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Governors Seek Fed Funds for Brent Spence Bridge Project

Tue March 15, 2022 - Midwest Edition #6
Office of Gov. Mike DeWine


Ohio Gov. Mike DeWine and Kentucky Gov. Andy Beshear announced Feb. 28 that they will jointly pursue up to $2 billion in federal funding to drastically reduce traffic congestion on and around the Brent Spence Bridge, which connects Cincinnati, Ohio, to Covington, Ky.

During a public briefing in Covington, the governors announced plans to request up to $2 billion in funding from the U.S. Department of Transportation (USDOT) for the long-discussed Brent Spence Bridge Corridor Project.

The funding is part of the bipartisan federal infrastructure bill, which includes at least $39 billion for bridge projects. If awarded to Ohio and Kentucky, the requested funds would primarily be used to build a new companion bridge over the Ohio River to give drivers an alternative to the Brent Spence Bridge.

"For decades, the backups on the Brent Spence Bridge have frustrated drivers, hindered economic development and slowed supply chain deliveries. Today, a solution is in reach, and we are committed to aggressively working together to secure this funding to help us fix this transportation nightmare once and for all," said DeWine. "Not only will this project improve quality of life for drivers in Ohio and Kentucky, but keeping this major transportation network open and moving also will have a significant positive impact on our national economy and national security."

As part of the announcement, DeWine and Beshear signed a memorandum of understanding confirming the states' intention to work together on the bridge project. The memorandum also directs transportation officials in both states to begin preparations for construction. A more detailed interstate agreement will be signed later this year.

"With today's signing, the commonwealth of Kentucky and the state of Ohio are aligning our efforts to make this project a reality," said Beshear. "This memorandum spells out our obligations and positions us to quickly apply for these federal dollars, which will allow us not only to build this new bridge — but to do it without tolls. And just as important, this project shows what we in government can do when we embrace cooperation and progress and simply do what is best for our people."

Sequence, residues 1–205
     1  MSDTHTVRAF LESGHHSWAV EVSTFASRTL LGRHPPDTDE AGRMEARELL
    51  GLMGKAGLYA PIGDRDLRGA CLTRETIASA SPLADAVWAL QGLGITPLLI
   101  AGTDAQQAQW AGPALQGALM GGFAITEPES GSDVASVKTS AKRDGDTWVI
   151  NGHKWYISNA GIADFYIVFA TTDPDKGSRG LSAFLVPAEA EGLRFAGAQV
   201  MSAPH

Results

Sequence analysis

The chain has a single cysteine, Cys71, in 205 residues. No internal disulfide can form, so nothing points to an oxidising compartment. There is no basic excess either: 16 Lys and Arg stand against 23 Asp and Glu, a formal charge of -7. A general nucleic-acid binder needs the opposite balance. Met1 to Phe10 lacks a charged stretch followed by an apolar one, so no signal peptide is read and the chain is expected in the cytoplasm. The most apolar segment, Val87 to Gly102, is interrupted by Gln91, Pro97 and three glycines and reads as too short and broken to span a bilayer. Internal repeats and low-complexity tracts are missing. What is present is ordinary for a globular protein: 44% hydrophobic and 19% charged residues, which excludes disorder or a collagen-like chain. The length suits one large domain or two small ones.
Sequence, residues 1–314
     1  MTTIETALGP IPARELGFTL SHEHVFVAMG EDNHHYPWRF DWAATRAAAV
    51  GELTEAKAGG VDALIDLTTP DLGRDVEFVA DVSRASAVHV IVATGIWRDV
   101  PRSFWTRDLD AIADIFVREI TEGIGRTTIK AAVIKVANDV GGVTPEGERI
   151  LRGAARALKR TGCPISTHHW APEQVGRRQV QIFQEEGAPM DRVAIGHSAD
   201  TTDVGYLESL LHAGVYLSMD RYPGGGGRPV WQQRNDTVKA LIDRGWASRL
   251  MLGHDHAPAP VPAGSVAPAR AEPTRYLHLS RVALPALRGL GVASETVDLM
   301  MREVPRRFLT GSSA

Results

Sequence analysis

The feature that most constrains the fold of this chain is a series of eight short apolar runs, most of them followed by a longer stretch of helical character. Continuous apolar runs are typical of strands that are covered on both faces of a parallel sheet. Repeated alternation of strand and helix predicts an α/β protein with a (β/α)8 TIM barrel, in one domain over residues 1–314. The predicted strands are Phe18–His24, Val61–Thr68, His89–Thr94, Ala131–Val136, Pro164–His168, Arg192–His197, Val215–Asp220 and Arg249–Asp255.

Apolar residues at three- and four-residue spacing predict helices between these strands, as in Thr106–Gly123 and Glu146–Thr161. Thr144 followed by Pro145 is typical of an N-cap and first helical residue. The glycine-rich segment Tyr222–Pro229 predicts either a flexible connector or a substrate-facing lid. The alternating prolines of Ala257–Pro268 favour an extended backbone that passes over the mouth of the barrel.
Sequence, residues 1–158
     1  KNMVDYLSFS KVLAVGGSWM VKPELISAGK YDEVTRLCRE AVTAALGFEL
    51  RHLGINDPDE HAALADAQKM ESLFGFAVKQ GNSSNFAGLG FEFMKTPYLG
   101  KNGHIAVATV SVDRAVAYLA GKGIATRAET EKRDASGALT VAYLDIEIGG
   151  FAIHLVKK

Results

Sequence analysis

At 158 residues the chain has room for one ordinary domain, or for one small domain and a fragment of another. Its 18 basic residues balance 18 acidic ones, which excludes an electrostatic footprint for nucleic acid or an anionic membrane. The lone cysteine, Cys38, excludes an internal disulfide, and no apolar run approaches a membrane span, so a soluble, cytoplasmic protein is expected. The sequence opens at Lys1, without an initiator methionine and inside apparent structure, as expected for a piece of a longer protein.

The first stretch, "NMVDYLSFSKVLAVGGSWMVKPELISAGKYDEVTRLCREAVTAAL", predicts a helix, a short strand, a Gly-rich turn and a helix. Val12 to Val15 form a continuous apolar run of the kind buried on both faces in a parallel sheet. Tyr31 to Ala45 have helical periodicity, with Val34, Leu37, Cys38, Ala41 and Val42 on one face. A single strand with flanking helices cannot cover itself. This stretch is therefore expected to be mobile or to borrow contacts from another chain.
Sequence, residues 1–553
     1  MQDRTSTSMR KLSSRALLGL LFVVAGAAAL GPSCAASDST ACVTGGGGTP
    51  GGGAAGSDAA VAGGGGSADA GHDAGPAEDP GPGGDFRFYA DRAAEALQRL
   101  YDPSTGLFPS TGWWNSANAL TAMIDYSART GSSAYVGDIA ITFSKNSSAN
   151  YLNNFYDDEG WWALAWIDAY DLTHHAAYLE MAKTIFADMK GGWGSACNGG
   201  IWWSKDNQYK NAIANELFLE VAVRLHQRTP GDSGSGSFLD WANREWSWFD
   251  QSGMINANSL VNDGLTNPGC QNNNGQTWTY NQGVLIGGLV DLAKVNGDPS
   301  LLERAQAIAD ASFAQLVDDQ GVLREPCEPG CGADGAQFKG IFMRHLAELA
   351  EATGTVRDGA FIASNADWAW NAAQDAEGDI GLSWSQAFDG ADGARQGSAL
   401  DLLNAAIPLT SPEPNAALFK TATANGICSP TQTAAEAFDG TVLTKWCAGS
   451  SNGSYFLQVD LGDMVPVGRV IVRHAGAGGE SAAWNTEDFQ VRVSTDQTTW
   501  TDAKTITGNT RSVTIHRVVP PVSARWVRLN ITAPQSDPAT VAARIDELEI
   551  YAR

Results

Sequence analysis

The Brent Spence Bridge was constructed in the 1960s to carry around 80,000 vehicles a day, but the daily I-75 and I-71 traffic load has reached 160,000 vehicles in recent years. Because I-75 is a key freight corridor stretching from Canada to Florida, the slowdowns also impact commerce throughout the eastern United States.

The teams at the Ohio Department of Transportation (ODOT) and Kentucky Transportation Cabinet (KYTC) have been planning the Brent Spence Bridge Corridor Project for nearly two decades, completing the critical groundwork that has made this project nearly shovel ready. Because of this previous planning, project construction could potentially begin in 2024 if funding is received.

"The signing of this document is a very clear and public show of action by both states," said Jack Marchbanks, director of ODOT. "This critical step will help be competitive in the federal grant process and will allow the bi-state team to start moving this project forward."

"The Brent Spence Bridge is the critical link in this important corridor," said Jim Gray, secretary of KYTC. "New funding will support the construction of a new bridge — not a replacement — as well as updates to the existing bridge and the interstate network throughout the corridor. The Brent Spence Bridge is safe and structurally sound and will serve a critical transportation need for decades to come."




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